Mikhail Gorbachev calls for re-run of Russian election
Mikhail Gorbachev called for a re-run of Russia's parliamentary election on Wednesday, accusing officials of "falsification and rigging".
Up to 15,000 demonstrators prepared to take to Moscow's streets this weekend for another round of protests over the results.
With popular anger over the elections showing no signs of abating, the last leader of the Soviet Union added his voice to those from the country's liberal opposition who have demanded the annulment of an election that international observers said was riddled with fraud.
As Russian-language social networking sites indicated last night that anti-Kremlin activists were trying to organise at least 81 protests in other Russian towns and cities this Saturday, Mr Gorbachev said: "The results do not reflect the will of the people.
"Therefore I think they (Russia's leaders) can only take one decision – annul the results of the election and hold new ones. With every day that passes more and more Russians do not believe that the official results were honest.
"Ignoring public opinion discredits the authorities and is destabilising the situation."
The elections have sparked unusually large opposition protests in Moscow, taking the authorities by surprise. The poll saw support for the ruling United Russia party, aligned to Vladimir Putin, the prime minister, haemorrhage by 15 percentage points. The protesters, who numbered up to 10,000 people on Monday, have demanded new elections and Mr Putin's resignation.
Germany, the Kremlin's closest ally in Europe, condemned the vote yesterday, urging Moscow to put its house in order. Steffen Seibert, a spokesman for Chancellor Angela Merkel, echoed American criticism of the poll, saying the election was marred by "frequent procedural violations."
Germany "expects that Russia will live up to its democratic obligations as a constitutional state," he added. "That includes equal opportunities for political opponents, the right to protest and the right to a fair trial."
But the Kremlin has shown few signs of yielding. On the contrary, Mr Putin offered an ostentatious show of defiance, visiting the central election committee to submit his application to run for president in March, an election he is expected easily to win.
Polls show he remains the country's most popular politician; he has not even deigned to pass comment on three days of opposition protests in the capital. On the contrary, state TV, which most Russians still rely on for their news, has studiously ignored the demonstrations, while providing its usual fawning coverage of Mr Putin and rallies of his supporters.
Around 1,000 people have been arrested in the last few days and, in some cases, sentenced to jail terms, but many Russian voters will know nothing about this.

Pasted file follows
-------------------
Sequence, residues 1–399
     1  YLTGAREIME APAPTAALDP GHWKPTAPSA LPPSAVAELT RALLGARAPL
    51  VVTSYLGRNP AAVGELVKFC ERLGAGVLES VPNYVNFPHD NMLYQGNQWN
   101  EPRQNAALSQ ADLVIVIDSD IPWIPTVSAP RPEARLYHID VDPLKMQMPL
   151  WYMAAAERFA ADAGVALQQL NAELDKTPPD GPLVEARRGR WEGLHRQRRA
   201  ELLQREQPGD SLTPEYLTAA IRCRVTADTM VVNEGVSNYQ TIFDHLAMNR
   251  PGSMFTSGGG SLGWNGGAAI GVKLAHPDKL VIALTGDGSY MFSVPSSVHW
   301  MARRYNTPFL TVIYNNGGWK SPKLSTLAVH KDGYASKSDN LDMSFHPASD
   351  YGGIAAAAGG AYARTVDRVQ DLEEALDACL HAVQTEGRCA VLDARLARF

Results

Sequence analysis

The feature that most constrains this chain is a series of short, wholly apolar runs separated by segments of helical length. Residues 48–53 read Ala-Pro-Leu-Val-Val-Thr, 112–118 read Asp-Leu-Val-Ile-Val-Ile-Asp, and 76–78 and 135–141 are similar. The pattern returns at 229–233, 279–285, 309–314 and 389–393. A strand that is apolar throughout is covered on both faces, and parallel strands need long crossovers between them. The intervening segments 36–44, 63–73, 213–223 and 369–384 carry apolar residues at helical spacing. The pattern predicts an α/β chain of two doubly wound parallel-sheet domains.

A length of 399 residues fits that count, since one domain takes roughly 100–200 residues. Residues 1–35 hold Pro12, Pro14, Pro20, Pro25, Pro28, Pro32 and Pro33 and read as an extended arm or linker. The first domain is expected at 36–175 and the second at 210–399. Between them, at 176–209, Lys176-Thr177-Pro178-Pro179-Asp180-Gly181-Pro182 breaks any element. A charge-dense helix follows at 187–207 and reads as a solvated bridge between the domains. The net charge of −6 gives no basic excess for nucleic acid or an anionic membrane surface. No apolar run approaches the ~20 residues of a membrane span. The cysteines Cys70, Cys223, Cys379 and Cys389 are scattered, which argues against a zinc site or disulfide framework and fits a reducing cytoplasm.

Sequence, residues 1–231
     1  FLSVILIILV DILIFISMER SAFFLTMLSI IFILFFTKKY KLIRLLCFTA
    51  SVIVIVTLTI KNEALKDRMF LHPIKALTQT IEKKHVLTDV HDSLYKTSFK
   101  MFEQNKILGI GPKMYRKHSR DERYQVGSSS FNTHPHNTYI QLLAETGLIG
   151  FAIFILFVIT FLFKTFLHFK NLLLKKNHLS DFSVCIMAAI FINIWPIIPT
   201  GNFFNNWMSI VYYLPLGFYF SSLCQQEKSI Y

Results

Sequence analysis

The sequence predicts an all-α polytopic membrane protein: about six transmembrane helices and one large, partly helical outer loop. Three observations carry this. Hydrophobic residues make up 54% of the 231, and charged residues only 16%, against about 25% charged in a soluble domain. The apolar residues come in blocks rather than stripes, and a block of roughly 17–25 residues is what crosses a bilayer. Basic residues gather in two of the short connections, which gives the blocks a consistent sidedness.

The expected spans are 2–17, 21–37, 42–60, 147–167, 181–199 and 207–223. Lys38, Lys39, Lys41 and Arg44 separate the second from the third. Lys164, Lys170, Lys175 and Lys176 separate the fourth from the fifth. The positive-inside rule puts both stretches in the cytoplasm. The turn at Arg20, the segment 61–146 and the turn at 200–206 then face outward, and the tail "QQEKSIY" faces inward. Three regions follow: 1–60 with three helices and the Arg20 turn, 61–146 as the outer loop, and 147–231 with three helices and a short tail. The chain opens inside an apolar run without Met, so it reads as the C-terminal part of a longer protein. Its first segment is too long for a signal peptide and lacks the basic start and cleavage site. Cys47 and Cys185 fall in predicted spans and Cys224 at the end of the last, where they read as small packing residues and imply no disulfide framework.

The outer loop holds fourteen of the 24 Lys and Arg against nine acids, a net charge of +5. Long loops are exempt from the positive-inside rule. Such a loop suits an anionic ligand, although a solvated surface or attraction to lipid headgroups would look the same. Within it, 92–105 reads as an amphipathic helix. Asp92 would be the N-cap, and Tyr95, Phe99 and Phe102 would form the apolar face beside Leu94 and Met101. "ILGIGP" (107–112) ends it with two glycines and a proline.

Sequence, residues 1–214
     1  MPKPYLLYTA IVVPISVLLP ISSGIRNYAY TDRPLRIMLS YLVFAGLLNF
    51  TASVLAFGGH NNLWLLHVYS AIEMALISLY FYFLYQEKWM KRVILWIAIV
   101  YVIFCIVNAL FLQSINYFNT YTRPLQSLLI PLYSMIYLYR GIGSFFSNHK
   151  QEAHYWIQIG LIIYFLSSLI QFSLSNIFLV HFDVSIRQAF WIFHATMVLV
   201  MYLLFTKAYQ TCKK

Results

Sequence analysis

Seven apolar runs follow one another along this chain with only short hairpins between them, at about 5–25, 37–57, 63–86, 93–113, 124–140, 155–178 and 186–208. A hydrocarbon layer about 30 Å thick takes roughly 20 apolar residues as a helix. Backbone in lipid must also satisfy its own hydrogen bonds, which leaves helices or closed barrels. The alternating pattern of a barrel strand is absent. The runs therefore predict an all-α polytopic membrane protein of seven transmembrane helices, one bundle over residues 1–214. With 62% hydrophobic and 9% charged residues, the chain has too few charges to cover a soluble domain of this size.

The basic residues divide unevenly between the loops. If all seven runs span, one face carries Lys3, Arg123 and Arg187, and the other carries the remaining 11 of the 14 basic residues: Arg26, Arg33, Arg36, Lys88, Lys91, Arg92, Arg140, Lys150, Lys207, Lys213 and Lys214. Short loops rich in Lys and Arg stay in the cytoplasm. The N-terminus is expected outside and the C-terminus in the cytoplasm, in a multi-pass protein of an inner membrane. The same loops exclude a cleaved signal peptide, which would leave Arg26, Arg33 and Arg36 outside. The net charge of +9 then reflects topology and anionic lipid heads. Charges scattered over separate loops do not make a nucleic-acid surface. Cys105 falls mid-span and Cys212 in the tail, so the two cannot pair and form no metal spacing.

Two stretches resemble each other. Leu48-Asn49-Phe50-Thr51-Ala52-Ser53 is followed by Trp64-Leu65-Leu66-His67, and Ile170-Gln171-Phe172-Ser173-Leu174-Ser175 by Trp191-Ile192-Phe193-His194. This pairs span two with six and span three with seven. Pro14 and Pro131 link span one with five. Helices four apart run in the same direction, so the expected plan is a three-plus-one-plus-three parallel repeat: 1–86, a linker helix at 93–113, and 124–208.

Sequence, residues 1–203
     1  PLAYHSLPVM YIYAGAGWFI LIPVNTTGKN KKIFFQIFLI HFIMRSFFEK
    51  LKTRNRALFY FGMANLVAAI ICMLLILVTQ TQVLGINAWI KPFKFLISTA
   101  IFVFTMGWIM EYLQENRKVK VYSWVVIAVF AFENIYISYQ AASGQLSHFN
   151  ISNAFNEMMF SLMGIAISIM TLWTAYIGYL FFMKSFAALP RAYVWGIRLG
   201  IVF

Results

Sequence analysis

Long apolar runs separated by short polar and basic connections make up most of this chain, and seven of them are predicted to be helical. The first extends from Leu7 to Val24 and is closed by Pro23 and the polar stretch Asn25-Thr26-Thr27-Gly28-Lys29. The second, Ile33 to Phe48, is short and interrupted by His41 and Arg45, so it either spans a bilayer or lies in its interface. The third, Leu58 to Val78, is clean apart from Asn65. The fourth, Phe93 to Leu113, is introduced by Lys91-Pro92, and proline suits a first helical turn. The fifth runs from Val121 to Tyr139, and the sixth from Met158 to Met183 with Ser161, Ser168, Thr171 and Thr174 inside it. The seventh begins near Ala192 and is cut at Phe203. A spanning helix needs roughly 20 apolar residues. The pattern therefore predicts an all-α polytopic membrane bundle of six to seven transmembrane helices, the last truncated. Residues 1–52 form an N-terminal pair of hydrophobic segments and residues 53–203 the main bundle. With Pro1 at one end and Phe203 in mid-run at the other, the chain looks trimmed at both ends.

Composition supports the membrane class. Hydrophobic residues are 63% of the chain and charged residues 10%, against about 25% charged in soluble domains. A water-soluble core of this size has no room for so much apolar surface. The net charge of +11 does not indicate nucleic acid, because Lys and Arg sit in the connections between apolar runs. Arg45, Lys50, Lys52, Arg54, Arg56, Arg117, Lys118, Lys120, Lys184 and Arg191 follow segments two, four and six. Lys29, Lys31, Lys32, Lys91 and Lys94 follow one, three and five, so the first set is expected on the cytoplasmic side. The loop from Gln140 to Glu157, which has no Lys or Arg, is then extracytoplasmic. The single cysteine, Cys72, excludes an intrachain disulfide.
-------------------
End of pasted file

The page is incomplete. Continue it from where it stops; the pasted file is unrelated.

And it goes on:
"I cannot remember a more total news blackout in recent times," said Arina Borodina, a television reviewer, on the Kommersant FM radio station.
Its political correspondent, Stanislav Kucher, furiously denounced journalists at state channels for their selective reporting, urging them to return the awards they had picked up in recent years,
"You are hiding information from millions of people," he said. "You are disgracing yourselves and your profession."
A small number of opposition protesters was again swept off the streets by heavy-handed riot police last night. Eye-witnesses said that no more than 50 people turned up - and 20 arrests were made.
Russia's main news bulletin chose to ignore these disturbances and open with an item of old news – the fact that Moscow is expanding its city limits. A more liberal TV station, Rain TV, looked as if it was already paying a price for its more open approach, saying that regulators had already demanded its tapes of coverage of the recent anti-Putin protests.
Meanwhile, more than 50,000 police and special interior ministry troops remained on Moscow's streets, sealing off the square where the protests have taken place. Police helicopters buzzed over the capital all day, monitoring the movement of opposition supporters, while the city's aptly-named Revolution Square, where Saturday's big protest is due to unfold, was abruptly sealed off for repair work. Officials denied it was a deliberate attempt to sabotage the rally, promising it would be re-opened soon.
Russia's foreign ministry shot back at its critics, calling criticism of the election "politicised" and "questionable." Sergei Jeleznyak, a senior MP from Mr Putin's party, alleged that the protesters were being encouraged by hostile foreign powers, insisting that the number of irregularities during the election had been insignificant. "Professional provocateurs financed by the enemies of our country are actively stirring things up.
Our enemies oppose the peaceful development of our society and a strong independent Russia," he said.